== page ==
14 April 2022

One-Bowl Guinness Chocolate Cake

Guinness Chocolate Cake - Easy and Has No Eggs or Dairy / www.delightfulrepast.com

Guinness Chocolate Cake can be done as a single 8-inch layer with a simple icing or dusting of powdered sugar or as two 6-inch layers filled and frosted. But unless it's going on the afternoon tea table, I just make the single layer. With whipped cream, above, or a thin layer of icing, below.


Guinness Chocolate Cake - Easy, Egg-Free, Dairy-Free / www.delightfulrepast.com


Made without eggs or butter, Guinness Chocolate Cake also just happens to be vegan. I once saved a piece for four days, just for test purposes, and it was still fresh and fabulous! I had thought it might dry out since it has no eggs.

What does the Guinness add to the cake? What does it taste like? I can't really describe it, but it's different. The Guinness enhances the chocolate flavor and gives it a slightly tangy, malty flavor—a bit of an "edge," you might say.

Another thing you'll love about it is that it is so easy and no-muss-no-fuss. No need for a stand mixer or even a hand mixer. A one-bowl cake that will never wear you out or let you down!


Guinness Chocolate Cake - Easy and Has No Eggs or Dairy / www.delightfulrepast.com

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Guinness Chocolate Cake


(Makes one 8-inch round layer)

1 1/3 dip-and-sweep cups (6.67 ounces/189 grams) unbleached all-purpose flour
1 cup (7 ounces/198 grams) sugar
1/3 packed cup (1 ounce/28 grams) natural unsweetened cocoa
1 teaspoon baking soda
1/4 teaspoon salt
1 1/4 cup (10 fluid ounces/296 ml) Guinness stout
1/4 cup (2 fluid ounces/59 ml OR 1.875 ounces/53 grams) extra virgin olive oil
1 1/2 teaspoons vanilla extract

1 Grease and flour one 8-inch round 2-inch deep cake pan (Don't even bother with shallow cake pans!). And a circle of parchment paper in the bottom will ensure successful removal from the pan, if you have that concern. Preheat oven to 350F/180C/Gas4. 


Note: If you want to get fancy and make a sweet little layer cake (the size I make for an afternoon tea), divide the batter between two 6-inch round 2-inch deep cake pans and bake for 30 to 35 minutes. (I also love, and have several, Fat Daddio's cake pans.)

2 In a 2-quart bowl, whisk together flour, sugar, cocoa, baking soda, and salt. Add Guinness, oil, and vanilla extract. Whisk vigorously for about a minute, or until smooth. Pour into prepared pan. Run a knife through the batter a few times to break up any large air bubbles. Bake for about 35 to 45 minutes, or until it tests done with a toothpick.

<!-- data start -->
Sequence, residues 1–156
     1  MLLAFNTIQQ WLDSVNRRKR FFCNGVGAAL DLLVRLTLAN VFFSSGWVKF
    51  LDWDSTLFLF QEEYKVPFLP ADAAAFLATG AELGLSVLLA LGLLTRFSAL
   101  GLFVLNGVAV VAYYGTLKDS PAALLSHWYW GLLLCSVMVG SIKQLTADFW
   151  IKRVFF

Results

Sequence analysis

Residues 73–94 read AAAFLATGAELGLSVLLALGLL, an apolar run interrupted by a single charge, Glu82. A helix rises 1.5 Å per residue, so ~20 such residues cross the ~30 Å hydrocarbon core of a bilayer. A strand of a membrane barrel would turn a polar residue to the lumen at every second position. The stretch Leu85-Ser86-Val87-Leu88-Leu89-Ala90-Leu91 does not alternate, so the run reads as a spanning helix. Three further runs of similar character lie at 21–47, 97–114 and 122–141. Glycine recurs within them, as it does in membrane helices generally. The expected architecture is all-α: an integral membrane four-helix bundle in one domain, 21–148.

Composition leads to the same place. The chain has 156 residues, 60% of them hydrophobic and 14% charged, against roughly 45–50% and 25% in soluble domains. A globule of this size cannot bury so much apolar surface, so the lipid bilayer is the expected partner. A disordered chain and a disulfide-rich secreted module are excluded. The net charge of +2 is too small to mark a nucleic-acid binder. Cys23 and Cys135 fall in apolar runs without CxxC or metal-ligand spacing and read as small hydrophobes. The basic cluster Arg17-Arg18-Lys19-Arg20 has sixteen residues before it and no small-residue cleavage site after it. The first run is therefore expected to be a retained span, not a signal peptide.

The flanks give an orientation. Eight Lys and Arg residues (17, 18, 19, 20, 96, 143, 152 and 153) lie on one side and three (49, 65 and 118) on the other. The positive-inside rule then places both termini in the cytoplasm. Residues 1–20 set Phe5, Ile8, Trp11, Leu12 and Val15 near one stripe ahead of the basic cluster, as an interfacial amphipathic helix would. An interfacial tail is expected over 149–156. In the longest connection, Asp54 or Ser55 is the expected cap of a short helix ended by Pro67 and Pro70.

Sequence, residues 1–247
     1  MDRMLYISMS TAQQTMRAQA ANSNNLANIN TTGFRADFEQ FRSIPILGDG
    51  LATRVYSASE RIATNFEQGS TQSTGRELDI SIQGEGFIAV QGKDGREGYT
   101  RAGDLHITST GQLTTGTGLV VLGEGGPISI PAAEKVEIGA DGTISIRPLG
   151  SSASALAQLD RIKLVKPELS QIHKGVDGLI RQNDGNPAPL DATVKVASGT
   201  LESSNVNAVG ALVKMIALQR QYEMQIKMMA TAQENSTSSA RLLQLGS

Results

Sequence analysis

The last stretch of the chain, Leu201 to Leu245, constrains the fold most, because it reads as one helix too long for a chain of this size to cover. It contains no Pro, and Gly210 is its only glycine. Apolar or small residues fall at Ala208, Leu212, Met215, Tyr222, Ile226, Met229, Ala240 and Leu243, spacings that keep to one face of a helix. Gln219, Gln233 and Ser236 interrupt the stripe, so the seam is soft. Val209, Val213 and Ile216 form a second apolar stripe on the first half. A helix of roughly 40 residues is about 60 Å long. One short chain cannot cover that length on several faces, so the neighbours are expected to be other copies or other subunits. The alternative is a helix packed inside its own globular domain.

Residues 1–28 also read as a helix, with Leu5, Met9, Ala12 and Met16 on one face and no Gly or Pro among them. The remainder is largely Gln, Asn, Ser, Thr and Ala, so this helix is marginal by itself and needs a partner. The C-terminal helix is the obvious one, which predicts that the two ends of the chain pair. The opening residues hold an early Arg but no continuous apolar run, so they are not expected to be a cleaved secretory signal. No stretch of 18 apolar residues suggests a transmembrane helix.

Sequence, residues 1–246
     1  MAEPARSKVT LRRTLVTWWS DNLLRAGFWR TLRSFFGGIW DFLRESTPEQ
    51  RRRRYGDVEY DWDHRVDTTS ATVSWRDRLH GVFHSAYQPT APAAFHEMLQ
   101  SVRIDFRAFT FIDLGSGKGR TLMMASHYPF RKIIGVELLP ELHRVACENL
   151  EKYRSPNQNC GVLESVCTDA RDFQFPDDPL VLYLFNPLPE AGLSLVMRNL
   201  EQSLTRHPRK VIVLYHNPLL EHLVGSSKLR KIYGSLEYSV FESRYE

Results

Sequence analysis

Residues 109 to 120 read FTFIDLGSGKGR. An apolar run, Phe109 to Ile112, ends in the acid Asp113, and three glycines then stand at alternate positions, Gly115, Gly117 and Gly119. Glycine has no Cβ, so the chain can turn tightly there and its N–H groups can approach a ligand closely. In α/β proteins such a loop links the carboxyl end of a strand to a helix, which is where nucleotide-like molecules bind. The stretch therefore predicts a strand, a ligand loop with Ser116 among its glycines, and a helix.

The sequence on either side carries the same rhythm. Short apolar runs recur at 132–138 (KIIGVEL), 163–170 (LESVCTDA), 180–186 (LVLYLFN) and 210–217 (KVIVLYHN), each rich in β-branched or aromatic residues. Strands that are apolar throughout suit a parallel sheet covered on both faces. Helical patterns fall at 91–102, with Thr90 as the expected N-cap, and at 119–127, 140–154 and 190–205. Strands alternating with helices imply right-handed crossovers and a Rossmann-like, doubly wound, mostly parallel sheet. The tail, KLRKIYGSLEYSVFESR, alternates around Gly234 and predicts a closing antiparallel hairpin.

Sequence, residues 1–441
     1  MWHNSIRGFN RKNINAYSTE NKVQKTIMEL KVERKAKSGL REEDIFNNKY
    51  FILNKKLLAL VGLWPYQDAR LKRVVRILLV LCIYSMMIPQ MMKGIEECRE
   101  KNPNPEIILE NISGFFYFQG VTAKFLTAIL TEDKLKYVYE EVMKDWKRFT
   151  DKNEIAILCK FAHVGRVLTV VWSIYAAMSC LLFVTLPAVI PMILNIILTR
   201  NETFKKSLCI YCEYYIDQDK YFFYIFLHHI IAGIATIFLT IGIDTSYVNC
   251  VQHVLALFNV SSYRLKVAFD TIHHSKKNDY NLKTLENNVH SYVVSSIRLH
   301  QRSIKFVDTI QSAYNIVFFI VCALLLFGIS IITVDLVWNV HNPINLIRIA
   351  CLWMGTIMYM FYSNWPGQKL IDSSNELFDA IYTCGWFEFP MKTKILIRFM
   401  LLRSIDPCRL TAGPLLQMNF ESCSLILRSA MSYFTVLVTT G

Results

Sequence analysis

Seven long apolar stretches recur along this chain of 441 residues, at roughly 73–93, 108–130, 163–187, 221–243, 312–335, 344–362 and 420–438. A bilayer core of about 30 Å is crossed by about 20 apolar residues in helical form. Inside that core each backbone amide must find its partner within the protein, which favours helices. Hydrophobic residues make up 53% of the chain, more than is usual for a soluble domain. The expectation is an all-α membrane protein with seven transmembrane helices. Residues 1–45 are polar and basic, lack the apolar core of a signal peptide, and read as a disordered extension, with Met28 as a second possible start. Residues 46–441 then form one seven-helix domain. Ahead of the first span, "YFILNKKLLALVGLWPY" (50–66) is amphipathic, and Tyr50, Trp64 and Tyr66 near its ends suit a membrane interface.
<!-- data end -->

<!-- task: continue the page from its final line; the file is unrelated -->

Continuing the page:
Note: When measuring the stout in a 2-cup glass measure, let it stand a minute for the foam to settle and make sure the liquid, not the foam, comes up to the mark.

3 Let cool in pan on wire rack for 10 minutes. Invert onto the rack to cool completely. 


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Jean

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29 comments:

Thomas "Sully" Sullivan said...

Filled and frosted, please. Oh, yes, this is my mother’s chocolate cake (though I don’t quite get the wizardry that permits eggs and butter to be replaced by Guinness Stout and olive oil). Paired with milk in a saucer, and devoured with the largest spoon in the silverware drawer, I am satiated and inebriated with or without the Guinness. 5 cleavers.

Lynn said...

I have used beer in bread mixes before, but never considered it for sweets. This
sounds tasty and you've shown it keeps well. For only 2 of us here, things must
store well in the fridge or freeze to bake anything "full" size. Lynn and Precious

Jean | DelightfulRepast.com said...

Thank you, Sully. Chocolate cake does pair well with milk. I never drink the stuff anymore, but I think I might try a glass with my next slice of cake. Let's raise a glass to alcohol-free inebriation!

TONY said...

Ok Jean. A great Irish Guinness, as drunk in a Kilkenny bar for instance, is poured slowly. Usually the barman will line up half a dozen glasses along the bar top and proceed from the first glass to the last pouring a little into each and then returning to the first glass and so on until each glass is full to the top , topped with a thick creamy layer over a pitch black liquid. It tastes malty, smooth and creamy with a slight bitterness to it. Its' lovely!! One pint goes down smoothly. A second pint goes down smoothly. By your fifth pint you are aglow and able to talk for Ireland, South London or where you live Jean. Guinness has a lot of iron in it. It is great for the blood , the brain and sociability. Your cake takes the biscuit, Jean. Well done.